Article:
Press contact: Audrey Fischer (202) 707-0022
October 15, 2007
"The Last Jews of Libya" To Be Shown at the Library of Congress on Nov. 5
More than 36,000 Jews lived in Libya at the end of World War II, but not a single one remains today. "The Last Jews of Libya," which documents the final decades of a centuries-old Sephardic Jewish community, will be shown at noon on Monday, Nov. 5, in the Pickford Theater, located on the third floor of the Library’s James Madison Building at 101 Independence Ave. S.E., Washington, D.C. The event, which is sponsored jointly by the Motion Picture, Broadcasting and Sound Division and the Hebrew Language Table, is free and open to the public; tickets are not required.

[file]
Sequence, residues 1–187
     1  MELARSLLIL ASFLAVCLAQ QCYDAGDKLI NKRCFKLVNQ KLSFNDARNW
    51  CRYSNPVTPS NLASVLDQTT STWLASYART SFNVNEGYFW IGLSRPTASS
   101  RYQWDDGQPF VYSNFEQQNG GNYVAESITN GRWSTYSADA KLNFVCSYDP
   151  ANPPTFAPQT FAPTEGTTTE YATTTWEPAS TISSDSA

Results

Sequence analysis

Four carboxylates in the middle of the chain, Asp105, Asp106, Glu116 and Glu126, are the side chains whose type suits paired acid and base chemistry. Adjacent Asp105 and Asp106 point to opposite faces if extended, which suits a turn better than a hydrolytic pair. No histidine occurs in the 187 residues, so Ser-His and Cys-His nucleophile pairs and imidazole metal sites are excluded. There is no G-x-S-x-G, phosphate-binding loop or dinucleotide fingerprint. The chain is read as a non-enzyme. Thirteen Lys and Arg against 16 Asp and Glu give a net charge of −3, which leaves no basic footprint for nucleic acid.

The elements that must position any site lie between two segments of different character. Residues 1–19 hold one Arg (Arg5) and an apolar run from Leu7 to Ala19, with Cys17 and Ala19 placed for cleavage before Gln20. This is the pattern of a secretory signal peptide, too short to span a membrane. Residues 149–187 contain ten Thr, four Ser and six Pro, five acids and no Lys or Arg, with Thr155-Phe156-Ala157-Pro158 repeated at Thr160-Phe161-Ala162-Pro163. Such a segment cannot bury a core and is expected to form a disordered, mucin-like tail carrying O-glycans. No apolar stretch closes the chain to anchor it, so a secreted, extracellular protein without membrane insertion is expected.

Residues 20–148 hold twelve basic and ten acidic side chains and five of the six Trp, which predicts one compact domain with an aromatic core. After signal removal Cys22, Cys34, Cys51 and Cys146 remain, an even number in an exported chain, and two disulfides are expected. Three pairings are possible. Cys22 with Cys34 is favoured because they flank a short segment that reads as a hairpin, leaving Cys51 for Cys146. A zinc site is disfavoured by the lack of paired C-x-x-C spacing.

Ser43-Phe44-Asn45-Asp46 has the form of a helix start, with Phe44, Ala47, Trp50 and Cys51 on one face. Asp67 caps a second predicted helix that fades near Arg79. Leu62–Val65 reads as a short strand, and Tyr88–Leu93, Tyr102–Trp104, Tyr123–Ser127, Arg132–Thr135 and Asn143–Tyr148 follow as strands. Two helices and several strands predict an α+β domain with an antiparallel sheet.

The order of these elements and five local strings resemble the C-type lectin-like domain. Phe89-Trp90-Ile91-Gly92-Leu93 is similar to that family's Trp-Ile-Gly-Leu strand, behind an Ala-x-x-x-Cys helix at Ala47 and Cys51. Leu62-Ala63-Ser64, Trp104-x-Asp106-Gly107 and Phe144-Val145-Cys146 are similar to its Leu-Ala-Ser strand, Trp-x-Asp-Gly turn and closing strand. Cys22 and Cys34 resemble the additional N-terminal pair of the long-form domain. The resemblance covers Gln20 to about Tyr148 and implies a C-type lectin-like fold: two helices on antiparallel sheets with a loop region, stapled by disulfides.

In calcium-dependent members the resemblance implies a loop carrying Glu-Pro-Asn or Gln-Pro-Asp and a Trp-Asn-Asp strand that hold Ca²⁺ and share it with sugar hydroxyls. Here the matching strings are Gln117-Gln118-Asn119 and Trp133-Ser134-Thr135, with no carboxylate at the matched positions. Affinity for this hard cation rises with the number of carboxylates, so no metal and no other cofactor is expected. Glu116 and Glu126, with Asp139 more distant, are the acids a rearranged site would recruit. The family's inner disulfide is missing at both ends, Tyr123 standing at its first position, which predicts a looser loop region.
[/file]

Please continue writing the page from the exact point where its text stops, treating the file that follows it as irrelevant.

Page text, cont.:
The film presents the story of an ancient and unique Jewish community with its own religious traditions that was transformed by modern European culture and by its relationship with the Arab nation of Libya. Told through the use of interviews, rare archival footage and photographs, and narrated by actress Isabella Rossellini, the film builds on the recently discovered memoirs of the family’s matriarch, Elise Roumani. In this tale of war, cultural dislocation and perseverance, filmmaker Vivienne Roumani Denn traces the story of her family from Benghazi, Libya, through Turkish Ottoman rule and the age of Mussolini and Hitler to the final destruction and dispersal of Libya’s Jews in the wake of Arab nationalism.
The filmmaker will lead a discussion following the screening of the 50-minute film.
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